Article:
Diffuse Pleural Thickening

Asbestos-related diffuse pleural thickening, also known as DPT, occurs when asbestos fibers lodge in the pleura lining the lungs and cause scarring that eventually thickens the tissue and interferes with breathing. Your doctor may use chest X-rays, CT scans, and PET scans when making a DPT diagnosis. He or she may also want to do a biopsy to rule out mesothelioma.

Diffuse pleural thickening symptoms include chronic chest pain and shortness of breath (dyspnea) on exertion. In rare cases, it can cause respiratory failure.

Treatment options are aimed at relieving the symptoms of DPT. Patients should stay active and quit smoking. Pulmonary rehabilitation (PR) may also be recommended. In rare cases, surgery may be done to remove the thickened pleura.

Rounded Atelactasis

Rounded atelectasis is an unusual type of lung collapse that is primarily caused by asbestos exposure. It occurs when the lung folds on itself near an area of pleural scarring or due to pleural effusion. Rounded atelectasis is also referred to as folded lung, Blesovsky syndrome, and atelectatic pseudotumor.

Rounded atelectasis symptoms may include cough, chest pain, and shortness of breath. However, most patients do not experience any signs of the condition, and symptoms are often attributed to an underlying disease such as asbestosis.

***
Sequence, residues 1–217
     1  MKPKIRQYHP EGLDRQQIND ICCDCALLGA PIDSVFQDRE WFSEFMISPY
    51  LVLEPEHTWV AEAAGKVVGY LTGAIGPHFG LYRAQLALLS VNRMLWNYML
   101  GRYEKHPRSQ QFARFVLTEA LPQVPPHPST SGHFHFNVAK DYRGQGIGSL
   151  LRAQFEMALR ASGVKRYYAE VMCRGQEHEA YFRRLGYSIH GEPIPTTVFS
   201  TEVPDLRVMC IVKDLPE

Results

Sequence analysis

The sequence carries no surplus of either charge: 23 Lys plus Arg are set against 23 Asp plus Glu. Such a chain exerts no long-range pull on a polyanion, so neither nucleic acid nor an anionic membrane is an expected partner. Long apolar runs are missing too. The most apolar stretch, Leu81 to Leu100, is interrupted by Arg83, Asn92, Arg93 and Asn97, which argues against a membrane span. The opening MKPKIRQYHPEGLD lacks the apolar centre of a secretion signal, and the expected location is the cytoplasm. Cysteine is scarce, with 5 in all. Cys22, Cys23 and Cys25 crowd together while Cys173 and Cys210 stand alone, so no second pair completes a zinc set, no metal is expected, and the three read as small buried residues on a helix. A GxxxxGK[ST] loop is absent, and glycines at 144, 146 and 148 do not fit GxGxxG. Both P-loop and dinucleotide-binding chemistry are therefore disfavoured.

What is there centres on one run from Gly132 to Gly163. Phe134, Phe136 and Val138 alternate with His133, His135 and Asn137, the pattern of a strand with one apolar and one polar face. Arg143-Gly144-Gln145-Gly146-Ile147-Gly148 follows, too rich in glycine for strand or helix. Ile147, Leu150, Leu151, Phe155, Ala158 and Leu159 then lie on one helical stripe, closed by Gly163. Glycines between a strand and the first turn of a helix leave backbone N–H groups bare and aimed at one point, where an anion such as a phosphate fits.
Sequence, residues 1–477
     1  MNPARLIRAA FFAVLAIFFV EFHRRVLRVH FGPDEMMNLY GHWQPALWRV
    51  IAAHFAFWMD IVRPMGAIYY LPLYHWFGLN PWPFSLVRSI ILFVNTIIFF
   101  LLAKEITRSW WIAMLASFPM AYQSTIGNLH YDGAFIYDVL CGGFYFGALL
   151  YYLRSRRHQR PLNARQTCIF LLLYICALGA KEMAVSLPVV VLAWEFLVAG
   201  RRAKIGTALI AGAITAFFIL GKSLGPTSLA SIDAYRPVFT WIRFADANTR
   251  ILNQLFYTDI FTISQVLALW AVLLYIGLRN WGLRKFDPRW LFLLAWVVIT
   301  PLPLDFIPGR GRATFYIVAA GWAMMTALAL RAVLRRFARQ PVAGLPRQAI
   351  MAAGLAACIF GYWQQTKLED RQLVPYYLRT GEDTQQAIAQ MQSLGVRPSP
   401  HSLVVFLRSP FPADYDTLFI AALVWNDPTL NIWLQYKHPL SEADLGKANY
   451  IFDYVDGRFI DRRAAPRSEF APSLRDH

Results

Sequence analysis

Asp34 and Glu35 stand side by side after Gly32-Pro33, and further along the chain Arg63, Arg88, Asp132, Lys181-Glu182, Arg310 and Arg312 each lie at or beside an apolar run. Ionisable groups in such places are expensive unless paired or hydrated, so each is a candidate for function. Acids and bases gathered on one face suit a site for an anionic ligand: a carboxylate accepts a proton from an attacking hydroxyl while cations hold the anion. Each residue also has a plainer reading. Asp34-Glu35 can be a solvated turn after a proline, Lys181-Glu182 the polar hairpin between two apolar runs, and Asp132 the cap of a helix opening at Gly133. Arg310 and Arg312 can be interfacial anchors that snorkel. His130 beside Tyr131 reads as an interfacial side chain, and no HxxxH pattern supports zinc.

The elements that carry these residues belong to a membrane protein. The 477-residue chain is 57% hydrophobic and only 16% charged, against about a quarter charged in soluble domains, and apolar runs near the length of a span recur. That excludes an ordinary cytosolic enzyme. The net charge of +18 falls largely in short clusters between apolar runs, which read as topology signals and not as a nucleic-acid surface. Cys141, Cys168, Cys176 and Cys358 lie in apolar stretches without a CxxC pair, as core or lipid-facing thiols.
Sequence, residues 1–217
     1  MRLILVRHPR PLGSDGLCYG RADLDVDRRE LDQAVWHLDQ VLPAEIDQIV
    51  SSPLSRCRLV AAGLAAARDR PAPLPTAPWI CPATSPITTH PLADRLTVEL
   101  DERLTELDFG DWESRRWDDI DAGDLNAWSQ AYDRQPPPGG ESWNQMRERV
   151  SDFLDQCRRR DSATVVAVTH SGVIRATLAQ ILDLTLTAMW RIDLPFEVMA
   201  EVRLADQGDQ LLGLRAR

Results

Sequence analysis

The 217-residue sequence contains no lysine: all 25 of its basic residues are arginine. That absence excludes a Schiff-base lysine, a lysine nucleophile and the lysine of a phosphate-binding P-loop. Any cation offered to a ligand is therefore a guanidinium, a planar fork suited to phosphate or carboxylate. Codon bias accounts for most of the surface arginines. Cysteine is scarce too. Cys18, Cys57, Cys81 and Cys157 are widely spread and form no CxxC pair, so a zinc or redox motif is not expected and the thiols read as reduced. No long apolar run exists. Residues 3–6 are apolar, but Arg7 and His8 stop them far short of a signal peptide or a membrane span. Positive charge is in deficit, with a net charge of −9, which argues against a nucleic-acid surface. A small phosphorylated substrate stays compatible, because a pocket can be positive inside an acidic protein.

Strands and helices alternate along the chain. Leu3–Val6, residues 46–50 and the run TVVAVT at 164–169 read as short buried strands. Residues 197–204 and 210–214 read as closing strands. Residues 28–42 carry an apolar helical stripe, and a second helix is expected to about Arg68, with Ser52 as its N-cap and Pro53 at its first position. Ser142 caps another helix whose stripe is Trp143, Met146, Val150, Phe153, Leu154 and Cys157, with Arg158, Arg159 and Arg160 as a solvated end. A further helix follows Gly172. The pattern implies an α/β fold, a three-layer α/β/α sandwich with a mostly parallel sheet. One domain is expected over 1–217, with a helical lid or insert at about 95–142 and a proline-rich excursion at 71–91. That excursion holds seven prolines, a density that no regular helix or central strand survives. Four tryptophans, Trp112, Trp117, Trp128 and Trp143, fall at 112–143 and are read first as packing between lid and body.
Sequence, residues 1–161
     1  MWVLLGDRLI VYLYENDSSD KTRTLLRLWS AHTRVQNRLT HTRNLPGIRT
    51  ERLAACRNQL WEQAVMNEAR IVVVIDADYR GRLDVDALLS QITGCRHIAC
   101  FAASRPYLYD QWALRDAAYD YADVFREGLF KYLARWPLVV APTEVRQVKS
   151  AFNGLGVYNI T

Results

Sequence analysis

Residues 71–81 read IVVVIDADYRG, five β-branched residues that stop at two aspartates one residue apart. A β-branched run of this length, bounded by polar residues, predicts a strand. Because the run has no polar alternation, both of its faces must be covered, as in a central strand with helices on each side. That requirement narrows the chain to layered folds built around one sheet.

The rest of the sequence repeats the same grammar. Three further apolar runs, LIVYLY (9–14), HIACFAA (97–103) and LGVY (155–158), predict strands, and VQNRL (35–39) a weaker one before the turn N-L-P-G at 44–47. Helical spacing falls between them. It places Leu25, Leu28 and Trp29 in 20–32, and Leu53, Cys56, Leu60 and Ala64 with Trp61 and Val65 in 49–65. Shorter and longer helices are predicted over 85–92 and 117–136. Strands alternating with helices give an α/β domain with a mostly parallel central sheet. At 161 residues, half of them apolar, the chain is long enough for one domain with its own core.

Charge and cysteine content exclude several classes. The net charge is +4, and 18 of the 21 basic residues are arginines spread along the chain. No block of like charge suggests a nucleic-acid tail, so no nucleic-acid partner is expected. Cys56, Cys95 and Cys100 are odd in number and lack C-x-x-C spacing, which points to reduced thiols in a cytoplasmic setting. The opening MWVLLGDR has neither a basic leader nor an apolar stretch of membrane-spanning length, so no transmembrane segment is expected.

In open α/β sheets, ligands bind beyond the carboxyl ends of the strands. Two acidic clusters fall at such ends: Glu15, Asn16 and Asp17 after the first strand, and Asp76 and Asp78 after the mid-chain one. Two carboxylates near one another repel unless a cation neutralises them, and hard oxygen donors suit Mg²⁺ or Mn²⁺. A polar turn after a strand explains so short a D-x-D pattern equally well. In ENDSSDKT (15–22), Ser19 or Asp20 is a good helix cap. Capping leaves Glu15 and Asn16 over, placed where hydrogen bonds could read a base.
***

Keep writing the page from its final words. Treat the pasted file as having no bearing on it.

Treatment options for rounded atelectasis focus on the underlying condition. There is no treatment for rounded atelectasis itself.

COPD

Chronic obstructive pulmonary disease, commonly known as COPD, is a chronic lung disease often associated with smoking. It includes chronic bronchitis and emphysema. However, occupational exposure to dangerous materials such as asbestos can also cause COPD.

COPD symptoms include shortness of breath, chronic cough, wheezing, excess mucus, respiratory infections, fatigue, and a blue color in the lips or fingernails (known as cyanosis).